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SuperStor SSC-80 as buffer tank?

tc60045
tc60045 Member Posts: 31
I currently have an indirect-fired 80-gallon DHW tank and am building a new system.

What do you guys see as the pros / cons are to using this already-paid-for glass-lined tank as a buffer tank for a radiant system.

Pros that I see: redundancy. On the new radiant system, it is merely a passive buffer, but I can heat this tank with a different source should the boiler go down. More on this later, depending on the feedback I get.

Cons: standby losses. I realize I may lose around 9,000 BTU a day in standby losses with this tank, but (a) that is only in winter, versus all-year today, (b) the heat in this room keeps a crawlspace warmish, (c) I could always blanket-insulate to reduce those losses, and (d) some will say that the drop-down in temperature helps ensure I stay in condensing range with radiant system boiler.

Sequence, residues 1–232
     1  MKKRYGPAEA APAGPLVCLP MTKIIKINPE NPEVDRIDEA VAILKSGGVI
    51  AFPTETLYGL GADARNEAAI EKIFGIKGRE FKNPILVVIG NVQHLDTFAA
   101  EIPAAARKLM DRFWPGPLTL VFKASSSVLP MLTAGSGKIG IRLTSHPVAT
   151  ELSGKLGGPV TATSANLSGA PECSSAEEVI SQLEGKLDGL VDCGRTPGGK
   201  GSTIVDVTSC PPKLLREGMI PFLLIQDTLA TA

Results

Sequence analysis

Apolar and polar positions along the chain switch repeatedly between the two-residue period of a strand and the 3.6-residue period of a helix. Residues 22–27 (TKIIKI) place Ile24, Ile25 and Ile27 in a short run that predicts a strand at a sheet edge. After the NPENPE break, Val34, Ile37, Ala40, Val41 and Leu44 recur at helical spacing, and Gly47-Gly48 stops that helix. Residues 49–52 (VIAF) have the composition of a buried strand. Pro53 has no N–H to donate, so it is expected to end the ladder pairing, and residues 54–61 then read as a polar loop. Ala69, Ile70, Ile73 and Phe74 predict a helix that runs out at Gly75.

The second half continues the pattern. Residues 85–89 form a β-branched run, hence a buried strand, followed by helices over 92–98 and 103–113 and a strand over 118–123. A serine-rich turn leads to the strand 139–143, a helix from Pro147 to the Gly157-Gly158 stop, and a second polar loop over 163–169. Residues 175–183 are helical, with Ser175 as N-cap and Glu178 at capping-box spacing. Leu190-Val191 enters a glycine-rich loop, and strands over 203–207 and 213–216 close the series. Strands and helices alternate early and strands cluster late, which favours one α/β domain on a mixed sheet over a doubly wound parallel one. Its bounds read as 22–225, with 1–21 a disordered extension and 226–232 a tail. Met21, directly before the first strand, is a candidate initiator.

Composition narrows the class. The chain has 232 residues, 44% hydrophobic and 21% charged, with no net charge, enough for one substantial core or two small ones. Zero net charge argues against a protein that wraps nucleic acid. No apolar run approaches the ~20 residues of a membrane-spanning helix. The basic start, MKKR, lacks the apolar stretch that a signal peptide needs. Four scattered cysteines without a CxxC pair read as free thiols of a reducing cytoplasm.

Thoughts, please -- and thank you!

Comments

  • Jamie Hall
    Jamie Hall Member Posts: 16,320
    Why not use it? Is it inside a conditioned space? If so, then that standby loss isn't really a loss, is it?
    Br. Jamie, osb
    Building superintendent/caretaker, 7200 sq. ft. historic house museum with dependencies in New England
  • hot_rod
    hot_rod Member Posts: 14,836
    what type of boiler? Zoo you hav a lot of zones and small micro zones?
    Bob "hot rod" Rohr
    trainer for Caleffi NA
    Living the hydronic dream
  • tc60045
    tc60045 Member Posts: 31
    edited July 2018
    Updating this thread and hoping for peoples' thoughts:
    hot rod said:

    what type of boiler? Zoo you hav a lot of zones and small micro zones?

    4 zones (2 hydronic air handlers; 2 small zones), going eventually to 10 zones (2 hydronic air handlers; 8 small zones)

    I have a 12 year-old Munchkin 200K BTU boiler. Came with the house; "finicky," no longer made, and parts are hard to get.